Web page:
Beloved children’s author Beverly Cleary dies at 104

Photo: Christina Koci Hernandez / San Francisco Chronicle by Getty Images

According to her publisher, child author Beverly Cleary, born Beverly Atlee Bunn, passed away on Thursday at the age of 104 in Carmel, California. “We are saddened by the passing of Beverly Cleary, one of the most beloved children’s authors of all time,” HarperCollins Children’s Books President and Editor Suzanne Murphy said in a statement Friday. “Looking back, I used to say, ‘I’ve had a lucky life,’ and generations of kids consider themselves lucky too, lucky to have the very real characters that Beverly Cleary created, including Henry Huggins, Ramona and Beezus Quimby, and Ralph S. Mouse, as true friends who helped shape his growing years. “

After attending Chaffey College and the University of California at Berkeley, where she met her future husband Clarence Cleary, the author pursued a career as a children’s librarian, before publishing her first novel, Henry Huggins, in 1950. Over the next 49 years, Cleary wrote more than 40 books, mostly novels for children, becoming a staple for half a century of young readers and beyond.

Inspired to write funny characters her young readers could relate to, after finding a dearth of identifiable leads, Cleary is best known for her characters Henry Huggins and her dog Ribsy; the infamously rebellious Ramona Quimby, the subject of eight books, along with her older sister Beezus Quimby; and Ralph S. Mouse, the star of The mouse and the motorcycle trilogy.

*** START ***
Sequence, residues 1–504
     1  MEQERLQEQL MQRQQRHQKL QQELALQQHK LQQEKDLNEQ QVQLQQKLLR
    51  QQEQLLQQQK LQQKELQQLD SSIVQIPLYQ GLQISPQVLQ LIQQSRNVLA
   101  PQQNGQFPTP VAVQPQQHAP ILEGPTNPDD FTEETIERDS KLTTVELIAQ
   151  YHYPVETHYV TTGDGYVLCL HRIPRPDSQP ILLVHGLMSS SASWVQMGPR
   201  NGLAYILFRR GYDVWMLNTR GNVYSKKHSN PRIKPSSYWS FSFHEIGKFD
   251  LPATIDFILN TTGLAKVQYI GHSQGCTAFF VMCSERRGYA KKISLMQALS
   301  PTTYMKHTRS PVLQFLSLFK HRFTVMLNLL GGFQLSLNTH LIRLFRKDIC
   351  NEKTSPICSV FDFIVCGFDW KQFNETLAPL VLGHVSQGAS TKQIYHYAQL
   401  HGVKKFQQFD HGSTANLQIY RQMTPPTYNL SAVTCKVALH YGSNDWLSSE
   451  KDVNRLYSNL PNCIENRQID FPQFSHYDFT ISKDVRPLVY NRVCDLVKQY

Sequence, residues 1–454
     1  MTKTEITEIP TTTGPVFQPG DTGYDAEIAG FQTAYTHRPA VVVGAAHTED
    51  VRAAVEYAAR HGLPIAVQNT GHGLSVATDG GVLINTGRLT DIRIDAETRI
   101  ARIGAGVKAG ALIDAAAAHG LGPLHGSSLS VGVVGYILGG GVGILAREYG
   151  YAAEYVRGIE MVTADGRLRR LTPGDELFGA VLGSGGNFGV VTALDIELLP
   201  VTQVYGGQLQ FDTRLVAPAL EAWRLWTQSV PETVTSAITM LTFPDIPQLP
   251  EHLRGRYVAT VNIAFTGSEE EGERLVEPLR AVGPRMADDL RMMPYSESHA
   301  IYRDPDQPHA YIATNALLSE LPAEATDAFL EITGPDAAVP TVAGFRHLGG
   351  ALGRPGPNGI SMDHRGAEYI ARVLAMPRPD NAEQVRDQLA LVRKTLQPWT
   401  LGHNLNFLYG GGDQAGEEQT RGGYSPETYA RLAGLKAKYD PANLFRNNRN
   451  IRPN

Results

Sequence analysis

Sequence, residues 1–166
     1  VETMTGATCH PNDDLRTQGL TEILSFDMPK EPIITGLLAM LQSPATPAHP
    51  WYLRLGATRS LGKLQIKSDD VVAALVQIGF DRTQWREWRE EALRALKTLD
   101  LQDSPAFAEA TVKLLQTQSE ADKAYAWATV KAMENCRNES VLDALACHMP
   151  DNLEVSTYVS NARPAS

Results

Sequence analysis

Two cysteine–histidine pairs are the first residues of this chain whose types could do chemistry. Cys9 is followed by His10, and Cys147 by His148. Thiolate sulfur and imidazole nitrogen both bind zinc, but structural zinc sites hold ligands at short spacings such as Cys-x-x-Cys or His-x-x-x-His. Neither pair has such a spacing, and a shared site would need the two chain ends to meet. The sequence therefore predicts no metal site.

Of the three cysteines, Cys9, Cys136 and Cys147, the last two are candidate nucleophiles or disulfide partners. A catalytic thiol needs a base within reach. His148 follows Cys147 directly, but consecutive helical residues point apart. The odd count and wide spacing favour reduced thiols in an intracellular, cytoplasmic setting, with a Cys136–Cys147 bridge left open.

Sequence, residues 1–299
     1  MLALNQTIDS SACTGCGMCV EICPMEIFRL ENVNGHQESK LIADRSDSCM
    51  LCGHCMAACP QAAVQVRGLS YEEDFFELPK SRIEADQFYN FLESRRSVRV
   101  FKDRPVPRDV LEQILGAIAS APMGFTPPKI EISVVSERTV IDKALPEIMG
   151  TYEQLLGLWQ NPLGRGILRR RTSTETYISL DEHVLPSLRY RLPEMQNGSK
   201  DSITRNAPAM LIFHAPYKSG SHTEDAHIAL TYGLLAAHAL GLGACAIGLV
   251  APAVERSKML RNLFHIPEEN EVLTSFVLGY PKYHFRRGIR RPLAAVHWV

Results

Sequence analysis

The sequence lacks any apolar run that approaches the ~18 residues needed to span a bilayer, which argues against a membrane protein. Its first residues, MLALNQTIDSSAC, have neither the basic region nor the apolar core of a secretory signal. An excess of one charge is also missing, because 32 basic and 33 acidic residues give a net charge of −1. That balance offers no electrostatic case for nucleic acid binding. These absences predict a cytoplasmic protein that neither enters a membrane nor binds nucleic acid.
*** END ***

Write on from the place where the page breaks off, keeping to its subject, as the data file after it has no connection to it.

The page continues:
“I think children want to read about normal, everyday children. That’s what I wanted to read as a kid, ”Cleary told NPR’s Linda Wertheimer in a 1999 interview.“ I wanted to read about the kinds of boys and girls I knew in my neighborhood and at my school. And in my childhood, many years ago, children’s books seemed to be about English children or pioneer children. And that was not what he wanted to read. And I think children like to meet in books. “

Among many other accolades awarded throughout his career, Cleary won the National Book Award in 1981 for Ramona and her mother and the 1984 Newbery Medal for Dear Mr. Henshaw, after receiving the National Medal of Arts from the National Endowment for the Arts and, in 2000, she was named a Living Legend of the Library of Congress.

Cleary published his latest book, Ramona’s world, in 1999 before retiring. For New York Times, more than 85 million copies of Cleary’s books have been sold. Her husband passed away in 2004, Cleary is survived by her children, Malcolm and Marianne, three grandchildren and one great-grandchild.

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